Almost 80% of organizations have been the victim of payments fraud, according to one survey. Depending on the size of the organization, thousands—sometimes millions—of customers are affected. In fact, if we combine the top 21 breaches in 2018 alone, ACI found that more than 2.5 billion customers worldwide were impacted, which is almost a third of the world’s population. That’s a lot of data at stake!
It’s not just the customers who are affected; organizations must recover losses and cover costs as a result of these breaches. A Ponemon Institute report on the cost of data breaches showed that the average cost of a data breach in 2018 was $3.86 million, up 6.4% over 2017. The average per-record cost was $148, up 4.8% from $141 in 2017. According to Cybersecurity Ventures research, it is estimated that by 2020, ransomware attacks will quadruple, with cybercrime damage costs rising to $6 trillion in 2021. They further estimate that in 2022, the human attack surface will reach 6 billion people as more are incorporated into the digital world.
This growth is accompanied by greater sophistication from hackers and cyber thieves. In 1998, the top threats were borne of things such as uncontrolled modems, no security verification or monitoring and poor password practices. Today, those seemingly basic practices have become table stakes and have been replaced by threats that include targeted phishing scams, poor patching, internet of things (IoT) attacks and sophisticated malware.
Information security threats have also gotten faster and more complex. Whereas in the past attacks may have been slow to occur, today they are in real-time, specifically targeted and from a complex marketplace of sophisticated specialists. The information hackers obtain is readily monetized and the techniques used are generally designed to continuously attack a system to create and detect vulnerabilities.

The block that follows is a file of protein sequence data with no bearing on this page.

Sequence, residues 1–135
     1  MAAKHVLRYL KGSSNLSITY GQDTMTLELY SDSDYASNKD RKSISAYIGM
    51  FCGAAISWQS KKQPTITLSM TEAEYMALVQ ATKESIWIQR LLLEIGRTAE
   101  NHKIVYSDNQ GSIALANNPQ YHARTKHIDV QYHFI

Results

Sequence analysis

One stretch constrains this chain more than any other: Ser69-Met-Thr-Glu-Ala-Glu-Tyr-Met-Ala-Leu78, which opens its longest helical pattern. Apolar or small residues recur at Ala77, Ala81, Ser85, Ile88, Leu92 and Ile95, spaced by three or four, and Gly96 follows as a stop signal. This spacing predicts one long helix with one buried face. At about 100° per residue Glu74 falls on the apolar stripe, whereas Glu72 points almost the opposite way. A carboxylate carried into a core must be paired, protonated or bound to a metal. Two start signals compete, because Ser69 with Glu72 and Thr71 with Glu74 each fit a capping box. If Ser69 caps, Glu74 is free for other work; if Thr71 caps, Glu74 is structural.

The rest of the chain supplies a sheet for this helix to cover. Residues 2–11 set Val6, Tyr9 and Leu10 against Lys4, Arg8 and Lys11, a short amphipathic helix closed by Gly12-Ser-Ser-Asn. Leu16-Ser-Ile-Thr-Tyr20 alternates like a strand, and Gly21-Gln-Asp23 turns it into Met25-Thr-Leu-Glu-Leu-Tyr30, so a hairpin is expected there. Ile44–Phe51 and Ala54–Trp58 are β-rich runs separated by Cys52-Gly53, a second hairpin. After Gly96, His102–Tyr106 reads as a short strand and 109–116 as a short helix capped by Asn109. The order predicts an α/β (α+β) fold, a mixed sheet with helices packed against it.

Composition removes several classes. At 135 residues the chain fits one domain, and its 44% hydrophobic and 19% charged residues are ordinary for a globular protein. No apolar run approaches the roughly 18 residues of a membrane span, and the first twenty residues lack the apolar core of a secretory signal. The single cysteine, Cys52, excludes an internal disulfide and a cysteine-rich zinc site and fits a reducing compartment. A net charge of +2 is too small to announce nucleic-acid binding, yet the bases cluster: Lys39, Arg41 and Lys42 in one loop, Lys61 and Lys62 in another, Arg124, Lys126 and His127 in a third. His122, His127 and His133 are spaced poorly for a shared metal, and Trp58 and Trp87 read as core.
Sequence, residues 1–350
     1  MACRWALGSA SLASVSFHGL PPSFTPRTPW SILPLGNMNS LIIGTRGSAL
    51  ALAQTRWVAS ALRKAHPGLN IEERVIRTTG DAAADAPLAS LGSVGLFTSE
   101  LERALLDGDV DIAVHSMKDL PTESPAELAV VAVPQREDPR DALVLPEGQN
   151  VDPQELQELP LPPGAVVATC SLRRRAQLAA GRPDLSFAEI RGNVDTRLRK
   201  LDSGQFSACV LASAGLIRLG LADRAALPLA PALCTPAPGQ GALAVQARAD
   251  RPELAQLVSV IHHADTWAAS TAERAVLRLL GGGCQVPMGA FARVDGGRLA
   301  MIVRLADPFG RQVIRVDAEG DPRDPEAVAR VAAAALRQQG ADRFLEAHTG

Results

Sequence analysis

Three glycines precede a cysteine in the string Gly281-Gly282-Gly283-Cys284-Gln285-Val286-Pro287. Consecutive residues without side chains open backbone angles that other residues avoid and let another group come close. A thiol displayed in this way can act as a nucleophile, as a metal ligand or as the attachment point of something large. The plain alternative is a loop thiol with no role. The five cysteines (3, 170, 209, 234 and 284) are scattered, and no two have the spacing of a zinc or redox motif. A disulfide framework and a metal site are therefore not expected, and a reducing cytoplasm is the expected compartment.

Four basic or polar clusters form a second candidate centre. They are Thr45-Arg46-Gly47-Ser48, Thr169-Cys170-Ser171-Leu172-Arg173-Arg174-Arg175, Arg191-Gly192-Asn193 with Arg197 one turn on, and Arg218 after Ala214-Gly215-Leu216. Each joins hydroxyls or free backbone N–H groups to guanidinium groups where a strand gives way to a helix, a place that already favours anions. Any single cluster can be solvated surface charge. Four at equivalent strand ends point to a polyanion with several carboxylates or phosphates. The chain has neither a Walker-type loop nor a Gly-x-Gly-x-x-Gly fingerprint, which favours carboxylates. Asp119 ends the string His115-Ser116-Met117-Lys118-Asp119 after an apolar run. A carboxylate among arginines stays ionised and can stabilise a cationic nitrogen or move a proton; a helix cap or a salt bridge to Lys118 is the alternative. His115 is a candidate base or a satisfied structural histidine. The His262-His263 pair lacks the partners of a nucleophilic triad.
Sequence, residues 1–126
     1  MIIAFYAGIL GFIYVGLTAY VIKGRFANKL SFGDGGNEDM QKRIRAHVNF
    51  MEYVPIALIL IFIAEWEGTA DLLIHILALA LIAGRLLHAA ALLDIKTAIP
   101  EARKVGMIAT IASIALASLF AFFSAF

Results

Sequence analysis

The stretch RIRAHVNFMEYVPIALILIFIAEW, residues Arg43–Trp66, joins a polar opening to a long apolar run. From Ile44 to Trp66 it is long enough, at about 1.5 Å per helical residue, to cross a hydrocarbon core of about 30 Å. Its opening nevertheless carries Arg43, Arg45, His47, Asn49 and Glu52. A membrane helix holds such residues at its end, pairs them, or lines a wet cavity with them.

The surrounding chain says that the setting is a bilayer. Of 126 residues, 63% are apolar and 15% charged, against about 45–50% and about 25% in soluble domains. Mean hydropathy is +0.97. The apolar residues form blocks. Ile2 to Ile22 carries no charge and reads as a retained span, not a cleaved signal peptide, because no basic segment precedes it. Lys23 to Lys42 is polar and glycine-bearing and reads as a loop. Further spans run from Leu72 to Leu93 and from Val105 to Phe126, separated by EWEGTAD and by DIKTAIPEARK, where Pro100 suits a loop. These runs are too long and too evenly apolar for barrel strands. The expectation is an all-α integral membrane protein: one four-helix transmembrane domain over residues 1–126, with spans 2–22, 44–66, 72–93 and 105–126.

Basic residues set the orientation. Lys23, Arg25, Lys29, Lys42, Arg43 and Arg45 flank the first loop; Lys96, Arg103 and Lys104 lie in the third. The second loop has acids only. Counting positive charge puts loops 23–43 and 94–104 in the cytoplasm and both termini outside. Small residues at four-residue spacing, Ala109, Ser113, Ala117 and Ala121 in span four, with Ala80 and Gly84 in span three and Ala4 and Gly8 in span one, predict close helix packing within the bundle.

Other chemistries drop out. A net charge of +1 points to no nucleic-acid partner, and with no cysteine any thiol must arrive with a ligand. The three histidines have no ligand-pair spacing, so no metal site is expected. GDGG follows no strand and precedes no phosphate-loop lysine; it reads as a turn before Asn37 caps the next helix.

Unfortunately, when it comes to security online, humans can be their own worst enemy. Phishing attacks related to payments fraud have risen in popularity over the past few years and take advantage of the unsuspecting in a few different ways. Business email compromise (BEC) is a targeted phishing (spear-phishing) attack that focuses on exploiting business relationships within an organization. For instance, a malicious email may appear to come from a co-worker or vendor and will either ask for sensitive information or request invoices be paid to a different account that the scammer owns.
Since December 2016, there has been a 136% increase in identified exposed losses, now totaling more than $12 billion in losses associated with BEC scams.
Best Practices for Beating Phishing Scams
There are several ways for people to protect themselves from phishing scams both at work and at home.
- Check the email address: Email addresses with misspellings or incorrect addresses (ACII.org, etc.) are a clear sign that something is wrong. Never open anything within or reply to an email from an address such as this.
- Are you expecting the message? Your bank emailing you out of the blue to ask for your password is a sure sign that something is wrong. Unless you have reason to expect an email asking for sensitive information, be very cautious. Even if you are expecting an email, check with the source to make sure it’s legit.
- Is this normal behavior? If your boss or a trusted vendor suddenly emails asking for information beyond what is standard or suggests sending payments to new locations, be sure to contact them in a different manner before proceeding. Most processes are highly regulated or standardized, so any deviation should be seen as suspicious.
By staying vigilant and notifying the right people when a suspicious email is received or when someone reaches out about something out of the ordinary, employees can avoid potential financial or reputational damage to their organization.
Phishing represents just one of the biggest methods of payments fraud. Don’t be caught off-guard.